There has also been an upsurge in denials of both L-1A managerial and L-1B specialized knowledge visa petitions. Although the statistics have not yet been made available for the recent period, reliable sources which regularly monitor adjudicatory trends, as well as simple observation, confirms this fact. While strictness in the adjudications of L-1 visas has been the rule for some time now, we are currently seeing unprecedented enforcement issues as well. It has been reported that L-1 employers are receiving site visits while L-1 extension cases are pending. Immigration officers are said to come, in person, to check out the veracity of the claims in the L-1 petition. Given this, and the potential for the occurrence of site visits for other immigration purposes, it is probably a good idea for employers to develop a site visit protocol.
All employers who hire H or L visa aliens should have at least one or more person(s) on the business premises who is knowledgeable about immigration enforcement practices. This should be someone who has access to the company’s immigration counsel, and preferably has some understanding of the issues in business immigration law, or at the very least, a working knowledge of the substance of the company’s immigration filings. The contact should be someone who is level headed, who acts and speaks with confidence but also demonstrates the appropriate deference to the immigration officers. Of course, it is fundamental that immigration petitions should be truthful and that nothing discoverable on a tour through an employer’s premises should conflict with the facts as set forth in the petitions.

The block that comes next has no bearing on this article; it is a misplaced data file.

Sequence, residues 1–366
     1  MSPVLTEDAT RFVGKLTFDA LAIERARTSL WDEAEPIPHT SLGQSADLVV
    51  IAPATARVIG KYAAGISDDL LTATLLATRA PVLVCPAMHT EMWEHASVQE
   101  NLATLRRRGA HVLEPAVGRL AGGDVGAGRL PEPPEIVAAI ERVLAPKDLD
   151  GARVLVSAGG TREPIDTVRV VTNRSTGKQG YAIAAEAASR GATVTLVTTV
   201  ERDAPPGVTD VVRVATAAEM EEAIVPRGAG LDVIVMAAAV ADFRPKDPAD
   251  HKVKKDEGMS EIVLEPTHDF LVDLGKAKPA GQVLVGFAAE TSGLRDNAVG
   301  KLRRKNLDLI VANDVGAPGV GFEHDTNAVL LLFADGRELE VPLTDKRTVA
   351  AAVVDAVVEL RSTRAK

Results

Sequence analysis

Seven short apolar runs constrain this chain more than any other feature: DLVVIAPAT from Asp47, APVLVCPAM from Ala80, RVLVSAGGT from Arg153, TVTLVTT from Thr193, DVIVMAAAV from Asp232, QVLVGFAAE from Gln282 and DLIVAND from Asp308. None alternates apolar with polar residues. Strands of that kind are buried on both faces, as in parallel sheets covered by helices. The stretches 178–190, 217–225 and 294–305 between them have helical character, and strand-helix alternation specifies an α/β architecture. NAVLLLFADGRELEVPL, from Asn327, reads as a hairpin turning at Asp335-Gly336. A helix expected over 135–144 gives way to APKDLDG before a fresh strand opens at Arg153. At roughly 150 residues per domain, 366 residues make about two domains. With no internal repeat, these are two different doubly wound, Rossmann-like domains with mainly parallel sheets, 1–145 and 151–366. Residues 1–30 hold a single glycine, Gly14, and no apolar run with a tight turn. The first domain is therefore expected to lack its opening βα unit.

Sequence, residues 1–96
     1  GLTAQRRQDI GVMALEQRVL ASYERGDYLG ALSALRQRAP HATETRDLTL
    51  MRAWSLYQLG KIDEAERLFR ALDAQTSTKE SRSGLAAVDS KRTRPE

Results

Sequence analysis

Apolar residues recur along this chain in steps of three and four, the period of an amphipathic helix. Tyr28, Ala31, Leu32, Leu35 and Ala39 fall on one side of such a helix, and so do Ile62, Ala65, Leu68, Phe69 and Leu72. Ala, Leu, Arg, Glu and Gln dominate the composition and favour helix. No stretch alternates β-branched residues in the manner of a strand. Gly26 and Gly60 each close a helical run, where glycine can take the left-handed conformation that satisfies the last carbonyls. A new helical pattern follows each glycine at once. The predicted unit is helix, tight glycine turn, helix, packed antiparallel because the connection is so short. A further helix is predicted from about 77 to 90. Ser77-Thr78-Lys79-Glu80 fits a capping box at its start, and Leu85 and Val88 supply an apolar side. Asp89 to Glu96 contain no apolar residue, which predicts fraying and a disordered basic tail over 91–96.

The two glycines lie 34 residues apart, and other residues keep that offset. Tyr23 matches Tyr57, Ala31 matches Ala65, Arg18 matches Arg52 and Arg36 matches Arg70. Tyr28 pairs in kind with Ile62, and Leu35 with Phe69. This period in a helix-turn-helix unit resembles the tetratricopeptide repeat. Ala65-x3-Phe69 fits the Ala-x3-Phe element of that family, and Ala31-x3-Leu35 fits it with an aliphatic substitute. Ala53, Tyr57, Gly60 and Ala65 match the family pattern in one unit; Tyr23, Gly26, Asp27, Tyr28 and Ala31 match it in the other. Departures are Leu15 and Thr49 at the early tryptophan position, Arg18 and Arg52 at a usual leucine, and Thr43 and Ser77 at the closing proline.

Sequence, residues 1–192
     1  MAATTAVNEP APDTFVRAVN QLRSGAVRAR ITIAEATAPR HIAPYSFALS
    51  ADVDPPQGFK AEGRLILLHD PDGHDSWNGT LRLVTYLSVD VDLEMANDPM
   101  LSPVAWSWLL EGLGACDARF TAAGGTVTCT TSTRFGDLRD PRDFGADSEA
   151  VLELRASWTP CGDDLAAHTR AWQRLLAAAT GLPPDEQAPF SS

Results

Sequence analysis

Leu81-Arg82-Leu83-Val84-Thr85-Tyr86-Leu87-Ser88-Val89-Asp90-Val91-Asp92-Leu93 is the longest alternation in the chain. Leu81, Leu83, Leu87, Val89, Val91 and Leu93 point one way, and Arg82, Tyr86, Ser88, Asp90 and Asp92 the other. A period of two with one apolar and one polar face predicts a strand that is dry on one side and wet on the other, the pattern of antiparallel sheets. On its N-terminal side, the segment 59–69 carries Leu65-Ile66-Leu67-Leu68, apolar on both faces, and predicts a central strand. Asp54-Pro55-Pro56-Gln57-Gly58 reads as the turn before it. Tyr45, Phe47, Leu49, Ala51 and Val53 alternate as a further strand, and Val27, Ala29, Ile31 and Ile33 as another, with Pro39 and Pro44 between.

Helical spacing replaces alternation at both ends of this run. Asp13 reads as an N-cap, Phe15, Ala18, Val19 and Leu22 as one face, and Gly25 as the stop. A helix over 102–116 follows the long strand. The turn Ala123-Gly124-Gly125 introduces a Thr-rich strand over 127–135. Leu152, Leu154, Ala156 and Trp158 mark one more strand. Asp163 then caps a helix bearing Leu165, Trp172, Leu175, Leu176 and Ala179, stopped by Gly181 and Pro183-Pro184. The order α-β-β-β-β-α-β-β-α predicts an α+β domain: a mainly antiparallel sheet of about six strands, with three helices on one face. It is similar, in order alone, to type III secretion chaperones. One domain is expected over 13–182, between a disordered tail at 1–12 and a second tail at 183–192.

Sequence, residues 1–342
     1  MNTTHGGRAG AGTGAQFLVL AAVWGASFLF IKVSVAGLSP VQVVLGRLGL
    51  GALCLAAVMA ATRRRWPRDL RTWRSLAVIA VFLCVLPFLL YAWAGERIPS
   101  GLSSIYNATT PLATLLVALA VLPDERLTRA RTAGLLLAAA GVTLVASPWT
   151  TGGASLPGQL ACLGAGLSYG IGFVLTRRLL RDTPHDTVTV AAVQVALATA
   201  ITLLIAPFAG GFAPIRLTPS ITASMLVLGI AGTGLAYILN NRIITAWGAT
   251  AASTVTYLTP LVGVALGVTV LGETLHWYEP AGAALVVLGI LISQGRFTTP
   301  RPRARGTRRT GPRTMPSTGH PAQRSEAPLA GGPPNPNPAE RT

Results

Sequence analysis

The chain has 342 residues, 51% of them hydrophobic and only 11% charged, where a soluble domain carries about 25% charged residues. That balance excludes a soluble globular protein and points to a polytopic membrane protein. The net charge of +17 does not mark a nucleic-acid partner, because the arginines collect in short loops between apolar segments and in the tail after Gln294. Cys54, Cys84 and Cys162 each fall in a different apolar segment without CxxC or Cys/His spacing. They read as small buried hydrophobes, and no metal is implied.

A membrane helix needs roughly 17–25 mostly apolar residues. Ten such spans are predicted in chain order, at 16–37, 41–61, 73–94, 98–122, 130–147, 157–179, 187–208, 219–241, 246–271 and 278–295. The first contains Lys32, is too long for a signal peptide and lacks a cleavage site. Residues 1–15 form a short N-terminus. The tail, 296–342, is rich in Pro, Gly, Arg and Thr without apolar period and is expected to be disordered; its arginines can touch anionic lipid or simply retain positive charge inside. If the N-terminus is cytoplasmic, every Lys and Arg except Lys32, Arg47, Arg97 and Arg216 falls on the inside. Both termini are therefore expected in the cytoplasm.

Moreover, the contact should be knowledgeable and firm, but also polite and friendly. It does not help to antagonize the officer(s), or otherwise create an adversarial atmosphere. If everything is truthful as is stated on the immigration forms, the job should be explainable in a clear and concise manner, communicating where the beneficiary’s physical workspace should be simple, and the work locations of other employees and company functions should be easily articulated. Most importantly, no one except for the designated individual or individuals should speak on behalf of the company and its management. The designated individual should also advise the immigration officers that the company has legal representation, and that immigration counsel should be notified if further questions or explanations are needed. The employee contact should also obtain the name and contact information of the site visitors in case any further contact is needed.
Business immigration is facing increased change and complexity, which provides fertile ground for anxiety. The uncertainty caused by this method of Executive Order makes it difficult for employers and employees, and even government personnel who are charged with enforcing the laws, to plan for the future and adequately prepare for the impact to business. At present we await rules and regulations to provide some guidance and details as it relates to future and currently pending petition filings.
Accordingly, it is important for employers to maintain a cool head, as panicking accomplishes little. We also recommend caution in believing unsubstantiated reports of changes to immigration laws and practices. Keep your paperwork and workspaces organized in case in-person enforcement should arrive. Employers should be prepared for these onsite visits and inquiries from various agencies charged with enforcement of US immigration laws. Preparedness and advance planning for these situations is the best policy.